The names of the characters are hardly consequential, as they are used to further storylines more than develop character. But Pacino plays a cop who is tracking a group of robbers, among them Val Kilmer (Wonderland) and Tom Sizemore (Saving Private Ryan), a group headed by DeNiro. The group receives offers for work from Jon Voight (Runaway Train), and they rob anything from gold, to coins, to bearer bonds. They are all ex-cons, and know all the ropes. They are a highly professional crew, which you see in the opening moments of the movie, despite the addition of a new man to the crew. What also helps to differentiate this from a usual cops and robbers movie are the secondary plotlines of the families involved. Pacino’s is clearly distant and breaking (played by Diane Venora and Natalie Portman), while DeNiro doesn’t have one to speak of, despite an emerging romance with Edy (Amy Brenneman, Judging Amy). At 3 hours, there are some unnecessary scenes involving a banker (played by William Fichtner), but the underlying message is that almost all of the actions in the movie do not involve just the primary characters, but also friends and loved ones of those characters. Kilmer’s wife in the film, played by Ashley Judd, desperately wants to get him out of his line of work, as she wants to start a new life for her family. An ex-con (Dennis Haysbert, 24) is stumbled upon working in a greasy spoon, and offered a chance to work by DeNiro. Haysbert’s character wants to be right, but runs into so many obstacles from it that he takes the job, only to wind up perishing in what results in a massive gunfight in the heart of Los Angeles while a bank robbery is being pulled.
With other solid supporting performances by Ted Levine (Monk), Mykelti Williamson (Forrest Gump), and appearances by Bud Cort (Harold and Maude), Jeremy Piven (PCU), Hank Azaria (The Simpsons) and Henry Rollins (The Chase), the movie is certainly not without its star power. The director behind this work is Michael Mann, who also wrote a much better than expected story. The man responsible for such striking visuals in films such as Manhunter, Ali and The Insider contributes more outstanding work here, and while it’s been out for awhile now, Warner Brothers finally gives it a high definition Blu-ray release
Heat is presented in its original aspect ratio of 2.35:1. The 1080p image is arrived at with a VC-1 codec at an average bit rate of about 23 mbps. It’s a very dark film, and fortunately the black levels are at least fair. Nothing really pops on this high definition release. Detail is great, but I don’t see superior sharpness or color anywhere on this film. It’s a very average image presentation for a high definition release.
The Dolby Digital-HD 5.1 track is as average as the image. Most of the sound is really pretty much front and center. Mann uses contemplative scenes where people talk softly while synth rock and roll plays. It’s a boring music video effect that isn’t enhanced here at all. You do hear all of the dialog, and that is really the most important part of the film. There are occasional moments of aggressive surrounds, most notably in the street firefight that starts the last hour of the 3 hour film.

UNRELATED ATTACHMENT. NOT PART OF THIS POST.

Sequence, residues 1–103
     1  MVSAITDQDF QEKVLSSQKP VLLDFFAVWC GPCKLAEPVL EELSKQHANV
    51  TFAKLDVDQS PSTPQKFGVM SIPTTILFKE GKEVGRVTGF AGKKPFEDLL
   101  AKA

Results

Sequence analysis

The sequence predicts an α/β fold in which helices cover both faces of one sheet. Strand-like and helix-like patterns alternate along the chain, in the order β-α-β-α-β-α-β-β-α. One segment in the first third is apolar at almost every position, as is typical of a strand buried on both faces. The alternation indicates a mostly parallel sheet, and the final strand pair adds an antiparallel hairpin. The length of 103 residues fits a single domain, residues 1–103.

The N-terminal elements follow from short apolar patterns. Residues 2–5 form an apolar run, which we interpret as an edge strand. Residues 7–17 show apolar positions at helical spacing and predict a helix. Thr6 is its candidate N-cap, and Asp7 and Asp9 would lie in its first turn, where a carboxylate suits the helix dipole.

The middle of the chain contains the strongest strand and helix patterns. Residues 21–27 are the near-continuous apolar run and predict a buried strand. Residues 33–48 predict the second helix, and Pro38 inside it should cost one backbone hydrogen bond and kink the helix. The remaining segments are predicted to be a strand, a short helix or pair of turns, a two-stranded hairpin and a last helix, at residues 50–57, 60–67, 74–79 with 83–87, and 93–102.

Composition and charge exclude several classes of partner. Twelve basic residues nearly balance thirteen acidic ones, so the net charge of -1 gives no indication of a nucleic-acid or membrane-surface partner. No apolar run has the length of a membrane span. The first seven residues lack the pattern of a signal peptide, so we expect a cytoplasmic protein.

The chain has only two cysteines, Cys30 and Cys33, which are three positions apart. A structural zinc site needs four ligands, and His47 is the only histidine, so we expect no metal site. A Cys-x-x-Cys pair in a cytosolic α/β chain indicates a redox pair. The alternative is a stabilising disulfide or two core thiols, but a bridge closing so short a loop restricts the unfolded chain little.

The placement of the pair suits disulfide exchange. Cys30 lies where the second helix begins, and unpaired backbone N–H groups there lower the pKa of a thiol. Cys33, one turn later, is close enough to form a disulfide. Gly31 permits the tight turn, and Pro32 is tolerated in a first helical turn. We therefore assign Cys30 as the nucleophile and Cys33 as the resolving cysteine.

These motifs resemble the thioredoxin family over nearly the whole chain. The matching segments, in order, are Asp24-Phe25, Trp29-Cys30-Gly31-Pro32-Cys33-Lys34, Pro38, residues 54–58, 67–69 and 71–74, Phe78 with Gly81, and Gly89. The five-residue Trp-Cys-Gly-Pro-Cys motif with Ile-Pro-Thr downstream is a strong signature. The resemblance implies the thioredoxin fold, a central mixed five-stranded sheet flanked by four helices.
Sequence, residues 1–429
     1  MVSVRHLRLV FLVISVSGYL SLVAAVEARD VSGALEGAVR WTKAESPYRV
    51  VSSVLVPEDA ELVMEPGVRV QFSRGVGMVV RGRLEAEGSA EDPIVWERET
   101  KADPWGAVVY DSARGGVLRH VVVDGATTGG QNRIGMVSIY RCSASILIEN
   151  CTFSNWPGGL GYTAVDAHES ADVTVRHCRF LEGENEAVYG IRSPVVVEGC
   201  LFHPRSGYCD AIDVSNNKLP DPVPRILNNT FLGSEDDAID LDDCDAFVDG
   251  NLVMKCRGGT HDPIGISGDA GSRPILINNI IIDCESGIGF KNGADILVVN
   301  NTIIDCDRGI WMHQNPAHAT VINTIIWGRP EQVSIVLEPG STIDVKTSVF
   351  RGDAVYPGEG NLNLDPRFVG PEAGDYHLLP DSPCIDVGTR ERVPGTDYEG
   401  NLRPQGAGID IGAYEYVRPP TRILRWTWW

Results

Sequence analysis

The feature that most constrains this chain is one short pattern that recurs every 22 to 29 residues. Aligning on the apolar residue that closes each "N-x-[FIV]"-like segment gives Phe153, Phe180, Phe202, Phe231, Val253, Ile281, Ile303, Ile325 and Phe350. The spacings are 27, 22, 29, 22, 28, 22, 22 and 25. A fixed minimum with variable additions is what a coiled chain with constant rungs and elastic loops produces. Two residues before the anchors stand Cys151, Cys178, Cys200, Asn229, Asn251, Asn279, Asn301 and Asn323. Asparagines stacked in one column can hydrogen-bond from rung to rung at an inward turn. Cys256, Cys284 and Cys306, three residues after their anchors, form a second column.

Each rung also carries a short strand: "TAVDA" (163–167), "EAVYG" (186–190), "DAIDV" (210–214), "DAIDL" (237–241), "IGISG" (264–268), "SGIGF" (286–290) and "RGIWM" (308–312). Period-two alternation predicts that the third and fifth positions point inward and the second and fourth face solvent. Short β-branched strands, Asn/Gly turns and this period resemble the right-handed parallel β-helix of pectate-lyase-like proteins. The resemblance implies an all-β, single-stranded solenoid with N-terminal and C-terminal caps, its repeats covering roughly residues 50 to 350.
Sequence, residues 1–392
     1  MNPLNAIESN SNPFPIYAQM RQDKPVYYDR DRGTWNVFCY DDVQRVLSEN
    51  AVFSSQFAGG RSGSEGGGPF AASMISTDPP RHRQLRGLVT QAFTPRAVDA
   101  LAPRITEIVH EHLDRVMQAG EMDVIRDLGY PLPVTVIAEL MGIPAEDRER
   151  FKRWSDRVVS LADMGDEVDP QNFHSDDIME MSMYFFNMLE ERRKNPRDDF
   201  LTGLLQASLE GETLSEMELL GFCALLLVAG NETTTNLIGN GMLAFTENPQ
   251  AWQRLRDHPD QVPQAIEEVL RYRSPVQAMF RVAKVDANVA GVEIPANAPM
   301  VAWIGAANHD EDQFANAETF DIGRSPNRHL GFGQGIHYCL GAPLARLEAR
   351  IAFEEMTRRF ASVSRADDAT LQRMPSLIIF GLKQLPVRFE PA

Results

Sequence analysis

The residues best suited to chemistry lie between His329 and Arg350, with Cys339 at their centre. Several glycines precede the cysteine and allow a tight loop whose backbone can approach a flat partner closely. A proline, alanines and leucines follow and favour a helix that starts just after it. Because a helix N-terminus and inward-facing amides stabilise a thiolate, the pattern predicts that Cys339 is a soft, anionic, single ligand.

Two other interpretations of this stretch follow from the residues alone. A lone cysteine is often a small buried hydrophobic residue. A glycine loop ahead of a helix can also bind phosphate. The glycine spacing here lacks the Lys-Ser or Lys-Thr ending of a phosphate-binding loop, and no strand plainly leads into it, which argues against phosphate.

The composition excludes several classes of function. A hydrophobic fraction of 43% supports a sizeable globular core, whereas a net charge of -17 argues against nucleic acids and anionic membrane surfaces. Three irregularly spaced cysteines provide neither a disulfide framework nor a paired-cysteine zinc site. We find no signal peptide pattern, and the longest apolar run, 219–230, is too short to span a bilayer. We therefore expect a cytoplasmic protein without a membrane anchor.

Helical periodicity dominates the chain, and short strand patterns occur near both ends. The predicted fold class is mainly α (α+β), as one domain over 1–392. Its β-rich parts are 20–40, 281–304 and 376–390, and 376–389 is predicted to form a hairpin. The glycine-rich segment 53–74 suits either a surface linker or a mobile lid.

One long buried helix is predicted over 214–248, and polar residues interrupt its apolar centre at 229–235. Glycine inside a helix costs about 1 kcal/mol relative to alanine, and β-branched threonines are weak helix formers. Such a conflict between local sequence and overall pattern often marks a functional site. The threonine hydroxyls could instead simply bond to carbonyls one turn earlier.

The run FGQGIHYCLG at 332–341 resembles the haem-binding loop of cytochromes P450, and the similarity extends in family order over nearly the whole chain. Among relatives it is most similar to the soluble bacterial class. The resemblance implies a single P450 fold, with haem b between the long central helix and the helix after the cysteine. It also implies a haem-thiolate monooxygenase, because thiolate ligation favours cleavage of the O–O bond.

There is a commentary by Mann that goes into a great amount of detail on the characters, along with some minor production detail. In all it’s not a bad commentary.
The extras were ported over from the DVD release. These include a 3 part making of featurette that you can play individually or as one big piece (total runtime is about an hour). It covers the real Neil McCauley (yes, there was one), along with the cop who pursued him, and it covers both the inspiration for the movie and various parts of the movie, including the production, research by the cast, and other aspects. Aside from DeNiro, every major cast member shows up in what appears to be new interview footage, discussing their thoughts on the film and the story, and some minor scene breakdowns are included. While there are a few production stills, there’s very little production footage, so that was mildly disappointing, but all in all this is a very good piece.
A smaller 10 minute look at the scene with Pacino and DeNiro is next, covering everyone’s thoughts on it, along with a lot of substance to dispel the myth that they were never together in the diner scene.
Next is a 12 minute look at the locations in the film, and how they look today, which is cool for the people who are part of those locations now (homeowners, etc.), talking about their thoughts of their famous location. The homeowner of the house where Neil kills his crewmember Trejo evens says the bloodstain is under their floorboards, which is pretty cool.
Rounding out the set are about 10 minutes of deleted scenes, including one alternate take, the scenes are basically filler and understandably trimmed from the film.
Those who are completists are happy now that the Special Edition is out on shelves, and might even like the slightly tweaked picture. Comparing it against the sound though, the first disc may be a better selection, but either way, Heat should be on everyone’s shelves.
This review contains material written by Ryan Keefer for his review on the special edition DVD release of the film.